Changes in body composition, metabolic profile and nutritional status 24 months after gastric banding.Obes Surg. 2006 Mar; 16(3):243-50.OS
Laparoscopic adjustable gastric banding (LAGB) causes significant weight loss in morbidly obese adults. However, its consequences on nutritional status still remain unclear. This study aimed to investigate the effects of LAGB on body composition, metabolic profile and nutritional status in obese, premenopausal women.
36 obese, premenopausal women (age 24-52 years; mean BMI 43.8 kg/m2) who underwent LAGB were included. Body composition was measured using dual-X-ray absorptiometry at baseline, 6, 12 and 24 months after surgery. Blood pressure, total cholesterol, HDL-cholesterol, triglycerides, glucose, uric acid, total proteins, iron, ferritin, vitamin B12, folic acid, hemoglobin and mean corpuscular volume were measured at baseline, 6, 12, 18 and 24 months after surgery.
All patients lost weight over 24 months (range 16.0-71.9 kg): there was a significant loss of fat mass (-51.4%; P<0.0001) as well as of fat-free mass (-13.1%; P<0.0001). There was a significant improvement in blood pressure, glucose, total cholesterol, HDL-cholesterol, triglycerides and urates during the first year; during the second year, a further significant decline was noted only in glucose and urates. According to ATP III criteria, 21 of our patients (58%) had a metabolic syndrome before surgery, but only 9 of them (25%) after 12 months and 1 of them (3%) after 24 months. No nutritional deficiency was noted, except for a significant decrease in serum folate (44.1%; P<0.0001 between baseline and month 24).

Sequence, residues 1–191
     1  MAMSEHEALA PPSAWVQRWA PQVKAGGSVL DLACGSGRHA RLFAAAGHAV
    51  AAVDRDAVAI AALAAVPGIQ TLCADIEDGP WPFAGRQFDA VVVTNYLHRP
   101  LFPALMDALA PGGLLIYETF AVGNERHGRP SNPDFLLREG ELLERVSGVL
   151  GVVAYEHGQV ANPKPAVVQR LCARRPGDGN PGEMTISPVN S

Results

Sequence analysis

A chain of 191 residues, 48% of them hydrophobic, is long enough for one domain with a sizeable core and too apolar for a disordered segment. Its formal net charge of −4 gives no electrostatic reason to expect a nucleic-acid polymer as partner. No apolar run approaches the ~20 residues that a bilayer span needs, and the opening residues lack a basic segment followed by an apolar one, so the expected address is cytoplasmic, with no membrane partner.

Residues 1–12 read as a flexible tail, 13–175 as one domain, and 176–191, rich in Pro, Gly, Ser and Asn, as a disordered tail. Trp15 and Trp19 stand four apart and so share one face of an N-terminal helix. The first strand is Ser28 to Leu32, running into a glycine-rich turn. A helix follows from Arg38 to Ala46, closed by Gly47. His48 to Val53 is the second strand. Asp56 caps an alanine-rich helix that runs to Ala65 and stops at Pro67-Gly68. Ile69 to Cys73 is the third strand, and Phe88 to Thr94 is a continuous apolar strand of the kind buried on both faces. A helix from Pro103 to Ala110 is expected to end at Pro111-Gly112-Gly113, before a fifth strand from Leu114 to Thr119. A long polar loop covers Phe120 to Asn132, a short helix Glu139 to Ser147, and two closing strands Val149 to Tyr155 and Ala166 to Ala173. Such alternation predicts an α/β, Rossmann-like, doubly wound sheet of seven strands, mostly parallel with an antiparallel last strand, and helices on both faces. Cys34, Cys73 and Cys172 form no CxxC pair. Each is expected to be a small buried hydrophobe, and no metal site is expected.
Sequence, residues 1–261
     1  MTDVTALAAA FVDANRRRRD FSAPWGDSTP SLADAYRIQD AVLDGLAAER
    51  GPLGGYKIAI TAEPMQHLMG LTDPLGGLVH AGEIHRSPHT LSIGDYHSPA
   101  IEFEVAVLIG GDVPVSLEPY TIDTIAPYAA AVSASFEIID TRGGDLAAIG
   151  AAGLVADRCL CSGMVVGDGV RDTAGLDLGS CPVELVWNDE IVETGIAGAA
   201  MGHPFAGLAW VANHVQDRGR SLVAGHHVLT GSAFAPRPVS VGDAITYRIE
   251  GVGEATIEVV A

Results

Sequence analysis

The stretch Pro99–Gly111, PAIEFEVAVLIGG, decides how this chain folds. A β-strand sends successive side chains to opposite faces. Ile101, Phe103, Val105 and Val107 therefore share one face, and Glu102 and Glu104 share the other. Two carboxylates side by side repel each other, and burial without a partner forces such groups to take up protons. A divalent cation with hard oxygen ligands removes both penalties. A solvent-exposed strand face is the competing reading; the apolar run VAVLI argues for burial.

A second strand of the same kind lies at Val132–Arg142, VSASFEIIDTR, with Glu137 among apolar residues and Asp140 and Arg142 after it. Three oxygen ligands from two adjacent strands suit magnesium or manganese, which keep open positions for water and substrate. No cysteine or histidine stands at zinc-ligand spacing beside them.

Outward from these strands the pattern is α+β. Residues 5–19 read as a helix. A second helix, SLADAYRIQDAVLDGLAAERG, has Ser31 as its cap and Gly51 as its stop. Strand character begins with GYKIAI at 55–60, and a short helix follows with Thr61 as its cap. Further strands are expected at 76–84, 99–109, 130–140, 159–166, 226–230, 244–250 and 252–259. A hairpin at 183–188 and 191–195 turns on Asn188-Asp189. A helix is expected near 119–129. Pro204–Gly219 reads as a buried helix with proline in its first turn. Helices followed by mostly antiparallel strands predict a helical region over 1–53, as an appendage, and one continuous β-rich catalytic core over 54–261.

LAGB allows significant improvements in metabolic profile, especially during the first postoperative year, without causing major nutritional deficiencies, except for folates.